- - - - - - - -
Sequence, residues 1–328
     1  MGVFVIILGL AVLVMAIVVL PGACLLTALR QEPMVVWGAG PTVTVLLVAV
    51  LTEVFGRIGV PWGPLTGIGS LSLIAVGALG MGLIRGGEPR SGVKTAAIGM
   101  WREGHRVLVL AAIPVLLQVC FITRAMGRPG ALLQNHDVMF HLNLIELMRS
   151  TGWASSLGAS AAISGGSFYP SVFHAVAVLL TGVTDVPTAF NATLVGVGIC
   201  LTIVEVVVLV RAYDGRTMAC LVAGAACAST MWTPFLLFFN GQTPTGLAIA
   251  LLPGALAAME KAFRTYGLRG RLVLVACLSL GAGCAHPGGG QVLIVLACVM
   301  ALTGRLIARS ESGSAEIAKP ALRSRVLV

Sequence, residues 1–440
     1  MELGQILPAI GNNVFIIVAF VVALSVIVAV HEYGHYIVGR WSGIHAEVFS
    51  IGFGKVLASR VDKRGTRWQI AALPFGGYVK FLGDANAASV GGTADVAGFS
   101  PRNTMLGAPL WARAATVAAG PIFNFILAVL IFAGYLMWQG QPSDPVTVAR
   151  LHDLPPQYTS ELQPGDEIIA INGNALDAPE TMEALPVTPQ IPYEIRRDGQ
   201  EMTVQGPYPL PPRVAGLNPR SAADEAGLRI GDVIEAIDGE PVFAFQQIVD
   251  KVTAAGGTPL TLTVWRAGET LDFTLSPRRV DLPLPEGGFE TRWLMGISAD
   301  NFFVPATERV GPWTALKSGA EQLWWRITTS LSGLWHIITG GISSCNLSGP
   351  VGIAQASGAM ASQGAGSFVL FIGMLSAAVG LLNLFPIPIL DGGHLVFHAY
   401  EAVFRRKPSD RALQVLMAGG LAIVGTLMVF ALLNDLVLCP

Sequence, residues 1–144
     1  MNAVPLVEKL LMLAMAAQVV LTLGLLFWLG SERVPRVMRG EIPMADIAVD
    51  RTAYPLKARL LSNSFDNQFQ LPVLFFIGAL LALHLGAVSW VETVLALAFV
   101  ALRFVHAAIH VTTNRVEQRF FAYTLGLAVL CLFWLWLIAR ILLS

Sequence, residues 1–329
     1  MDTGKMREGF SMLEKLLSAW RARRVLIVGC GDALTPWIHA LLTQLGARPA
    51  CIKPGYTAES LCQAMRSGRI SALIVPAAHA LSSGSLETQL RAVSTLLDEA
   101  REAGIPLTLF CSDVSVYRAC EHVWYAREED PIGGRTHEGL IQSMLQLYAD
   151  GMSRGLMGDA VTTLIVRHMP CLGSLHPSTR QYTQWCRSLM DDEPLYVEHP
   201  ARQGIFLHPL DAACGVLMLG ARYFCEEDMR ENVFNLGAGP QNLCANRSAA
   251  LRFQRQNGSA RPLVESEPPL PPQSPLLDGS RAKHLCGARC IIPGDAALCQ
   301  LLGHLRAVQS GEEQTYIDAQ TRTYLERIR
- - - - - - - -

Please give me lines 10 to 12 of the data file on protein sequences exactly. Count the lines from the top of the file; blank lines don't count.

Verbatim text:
     1  MELGQILPAI GNNVFIIVAF VVALSVIVAV HEYGHYIVGR WSGIHAEVFS
    51  IGFGKVLASR VDKRGTRWQI AALPFGGYVK FLGDANAASV GGTADVAGFS
   101  PRNTMLGAPL WARAATVAAG PIFNFILAVL IFAGYLMWQG QPSDPVTVAR